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Brown: An Ivy League Kindergarten

In the aftermath of a student mob refusing to let New York City police commissioner Ray Kelly speak on the campus of Brown University (tuition + room and board: $55,016, administrators brought students and faculty together for a public meeting. From the report:

Jenny Li ’14, a leader of the protest, told forum attendees she was disappointed no media outlets had reported on the text of the statement protestors had recited at the lecture.

Li invited attendees to recite the group’s chant with her in a call-and-response format. “Asking tough questions is not enough,” she said. “Brown is complicit. We stand in solidarity with the Providence anti-racism movement, and all those impacted by racial profiling.”

Li said she and many other students felt emotionally “triggered” by Kelly’s presence, adding that protestors considered their shutdown of the talk a “win.”

They couldn’t help themselves, you see. Just seeing Ray Kelly on their campus pushed an emotional button, and they exploded with rage.

Kindergarten.

More:

Administrators then invited discussion group members to share the content of their dialogues. Josette Souza ’14 volunteered to speak first, directing her comments at Paxson.

“Ray Kelly is a terrorist, and he’s terrorizing our communities,” Souza said. “Until you feel terrorism in your life, I don’t think you have the right to speak on this subject.”

Students’ comments throughout the forum were punctuated by snapping and applause.

Many students said they felt personally offended by Kelly’s presence and believed the University should not have invited him to campus.

“To those of you who don’t understand the emotion, what sort of invasion of your privacy or denial or patronizing and marginalization of your personhood could make your voice shake the way that mine is shaking right now?” said Ruby Fore ’17.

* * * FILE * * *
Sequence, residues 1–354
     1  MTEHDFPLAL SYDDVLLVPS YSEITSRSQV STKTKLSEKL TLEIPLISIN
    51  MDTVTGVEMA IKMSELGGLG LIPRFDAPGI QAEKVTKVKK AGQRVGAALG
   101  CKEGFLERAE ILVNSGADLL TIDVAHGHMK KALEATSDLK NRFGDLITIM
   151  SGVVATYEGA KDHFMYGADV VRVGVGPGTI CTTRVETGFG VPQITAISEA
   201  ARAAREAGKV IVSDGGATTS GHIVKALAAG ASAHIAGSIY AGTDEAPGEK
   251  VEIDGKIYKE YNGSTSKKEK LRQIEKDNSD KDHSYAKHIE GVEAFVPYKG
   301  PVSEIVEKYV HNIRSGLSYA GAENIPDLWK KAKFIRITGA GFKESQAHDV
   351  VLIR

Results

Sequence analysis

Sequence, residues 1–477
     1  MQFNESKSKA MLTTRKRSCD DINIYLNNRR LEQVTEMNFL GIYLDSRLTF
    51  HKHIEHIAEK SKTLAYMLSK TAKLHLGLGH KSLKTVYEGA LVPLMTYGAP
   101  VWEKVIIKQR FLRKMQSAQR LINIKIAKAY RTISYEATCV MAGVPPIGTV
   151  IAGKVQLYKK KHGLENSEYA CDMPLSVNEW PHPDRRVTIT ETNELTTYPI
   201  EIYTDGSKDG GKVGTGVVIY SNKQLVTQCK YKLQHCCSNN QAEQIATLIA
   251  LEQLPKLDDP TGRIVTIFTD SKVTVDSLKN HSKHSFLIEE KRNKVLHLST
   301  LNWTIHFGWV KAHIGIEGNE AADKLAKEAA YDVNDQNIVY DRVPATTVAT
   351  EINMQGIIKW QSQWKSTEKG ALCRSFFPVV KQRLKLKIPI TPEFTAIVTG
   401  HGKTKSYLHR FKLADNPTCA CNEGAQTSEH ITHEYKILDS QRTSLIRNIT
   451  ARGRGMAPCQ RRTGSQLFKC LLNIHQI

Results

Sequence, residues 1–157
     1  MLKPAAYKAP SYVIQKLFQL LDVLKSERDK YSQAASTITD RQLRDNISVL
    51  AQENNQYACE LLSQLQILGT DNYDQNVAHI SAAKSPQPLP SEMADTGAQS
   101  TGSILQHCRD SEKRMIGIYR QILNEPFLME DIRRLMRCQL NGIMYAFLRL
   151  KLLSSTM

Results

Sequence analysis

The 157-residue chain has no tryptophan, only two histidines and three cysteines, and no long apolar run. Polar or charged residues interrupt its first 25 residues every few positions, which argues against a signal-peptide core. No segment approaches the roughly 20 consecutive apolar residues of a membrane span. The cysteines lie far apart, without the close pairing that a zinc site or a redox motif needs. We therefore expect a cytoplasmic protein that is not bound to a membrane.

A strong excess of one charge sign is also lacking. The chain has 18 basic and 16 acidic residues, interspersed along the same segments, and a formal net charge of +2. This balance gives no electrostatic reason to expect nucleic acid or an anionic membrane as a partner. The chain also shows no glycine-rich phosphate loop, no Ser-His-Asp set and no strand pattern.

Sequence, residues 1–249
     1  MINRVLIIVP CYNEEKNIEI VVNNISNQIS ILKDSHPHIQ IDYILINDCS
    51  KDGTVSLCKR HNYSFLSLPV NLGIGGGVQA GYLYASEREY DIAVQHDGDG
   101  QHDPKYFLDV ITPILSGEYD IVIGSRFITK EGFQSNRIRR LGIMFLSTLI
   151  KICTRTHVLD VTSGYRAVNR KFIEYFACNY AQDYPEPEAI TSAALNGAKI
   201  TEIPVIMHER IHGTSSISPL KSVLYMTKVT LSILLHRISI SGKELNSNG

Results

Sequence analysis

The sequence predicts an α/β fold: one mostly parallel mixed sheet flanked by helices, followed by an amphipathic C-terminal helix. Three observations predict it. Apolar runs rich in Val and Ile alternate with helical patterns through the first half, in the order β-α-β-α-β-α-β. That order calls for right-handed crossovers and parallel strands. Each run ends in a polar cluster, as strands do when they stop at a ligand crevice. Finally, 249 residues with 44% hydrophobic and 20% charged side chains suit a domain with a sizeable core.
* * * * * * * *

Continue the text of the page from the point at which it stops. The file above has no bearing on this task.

Got it. One’s status as a member of a victim group is what grants one’s opinion weight, and even, according to Josette Souza, the right to have an opinion at all.

Here’s a student who gives voice to the Cher Principle: “Words are like weapons/They wound sometimes”:

“For me, protesting Ray Kelly and shutting down his speech had nothing to do with ideas,” said Justice Gaines ’16, who helped organize the protest. “It had to do with the safety of my body on this campus,” he said, adding that he felt uncomfortable at Kelly’s scheduled lecture because the commissioner seemed to be  “preaching” to several rows in List Art Center 120 — the auditorium in which the event took place — that Gaines said were reserved for police officers.

Because the police commissioner of the City of New York is basically Ernst Röhm, there on the Brown campus to rile up local stormtroopers.

At least the Brown administrators stood up for the right to free speech, the right of other students and faculty to have heard the Kelly lecture, and the obligation of a university community to allow unpopular opinions to be stated — this, as part of what it means to become an educated citizen in a free, pluralistic democracy. Oh wait, except they didn’t:

Marion Orr, director of the Taubman Center, which sponsored Kelly’s lecture, expressed regret for the controversy.

“I sincerely apologize to my students,” Orr said. “Especially to my black students and Latino brothers and sisters — it wasn’t my intention to hurt you, and it hurts me to hear that my decision caused so much pain.”

Orr asked the students to submit a list of speakers whom they would not approve of coming to campus, adding that he never expected the intense reaction to Kelly’s event. Orr later wrote in an email to The Herald that notion was meant to point out that a list of speakers like this should not exist and to provoke thought about such a list’s implications.

What a ridiculous man, a straight-up coward. Brown University is a place in which a whiny minority of hysterics can dictate who the entire community is allowed to listen to — and the university’s administration capitulates to this anti-democratic, anti-intellectual mob. If you spend a thin dime to send your kid to this Ivy League kindergarten, much less $55,000 a year, you deserve to be parted from your money.

[H/T: Reader JB]

about the author

Rod Dreher is a senior editor at The American Conservative. He has written and edited for the New York Post, The Dallas Morning News, National Review, the South Florida Sun-Sentinel, the Washington Times, and the Baton Rouge Advocate. Rod’s commentary has been published in The Wall Street Journal, Commentary, the Weekly Standard, Beliefnet, and Real Simple, among other publications, and he has appeared on NPR, ABC News, CNN, Fox News, MSNBC, and the BBC. He lives in Baton Rouge, Louisiana, with his wife Julie and their three children. He has also written four books, The Little Way of Ruthie Leming, Crunchy Cons, How Dante Can Save Your Life, and The Benedict Option.

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